The Kids Are Alright

By Belén YudessFebruary 4, 2024

The Kids Are Alright
In the wake of recent reconsideration of David Graeber’s later work, current intern Belén Yudess pulls up an article he co-authored for LARB.

Teenagers marching in N-95 masks to demand racial justice, high school students asserting the importance of abortion and queer rights in their graduation speeches, and university walkouts in solidarity with Palestine—the beginning of this decade has demonstrated the power youth organizers hold. For decades, younger generations have taken a stand against blatant inequality and worked with other activists to incite change. Every movement takes inspiration from its predecessors, a notion that grounds David Graeber and Yuk Hui’s analysis of Hong Kong’s 2011 “Occupy Central” movement. Their 2014 article explains how the youth involved in Occupy Wall Street “spearheaded a global revolution in their wholesale rejection of the liberal economic and political system their elders had spent the last 30 years imposing on the rest of the world.”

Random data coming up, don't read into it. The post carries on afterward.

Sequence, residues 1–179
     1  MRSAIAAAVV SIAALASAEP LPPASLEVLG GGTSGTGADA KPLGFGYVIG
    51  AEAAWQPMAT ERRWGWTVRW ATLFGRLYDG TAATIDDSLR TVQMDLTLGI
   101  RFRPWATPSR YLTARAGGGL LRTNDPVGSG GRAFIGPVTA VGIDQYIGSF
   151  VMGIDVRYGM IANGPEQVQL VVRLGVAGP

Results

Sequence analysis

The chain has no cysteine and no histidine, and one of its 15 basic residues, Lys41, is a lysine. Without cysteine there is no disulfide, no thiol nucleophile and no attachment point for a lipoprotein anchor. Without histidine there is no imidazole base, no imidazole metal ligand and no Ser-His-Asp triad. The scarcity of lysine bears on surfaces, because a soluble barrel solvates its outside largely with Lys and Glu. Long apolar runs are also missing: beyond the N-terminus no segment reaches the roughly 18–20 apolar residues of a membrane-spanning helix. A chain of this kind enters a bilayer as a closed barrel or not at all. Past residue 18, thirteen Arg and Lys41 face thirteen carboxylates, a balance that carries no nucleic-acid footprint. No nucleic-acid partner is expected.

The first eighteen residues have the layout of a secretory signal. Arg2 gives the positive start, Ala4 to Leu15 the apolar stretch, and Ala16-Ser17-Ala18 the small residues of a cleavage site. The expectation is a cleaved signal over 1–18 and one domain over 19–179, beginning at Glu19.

In the current US political climate, the term “insurrection” has become intertwined with far-right extremism. Yet Graeber and Hui offer a window on a time when “insurrections almost simultaneously across the globe seized power nowhere, but nonetheless changed everything.” Occupy Central took a stand against a system that empowered the upper class to use their wealth to wield political power, leaving Hong Kong’s middle and lower classes unemployed, unhoused, and unheard. But, as Graeber and Hui observe, the resilience of the 99 percent was ready to challenge this system. As they explain, “[d]uring the first days [of the occupation], more and more people from all classes joined the movement: truck drivers blocked roads; mini-bus drivers gave students free rides; citizens brought them food and drink.” Graeber and Hui remind us that for every capitalist attempting to silence democracy, there are hundreds of organizers ready to amplify it.

LARB Contributor

Belén Yudess is a LARB publishing/literary arts education intern. She is currently a student at Scripps College studying English with a creative writing emphasis, Spanish, and humanities.


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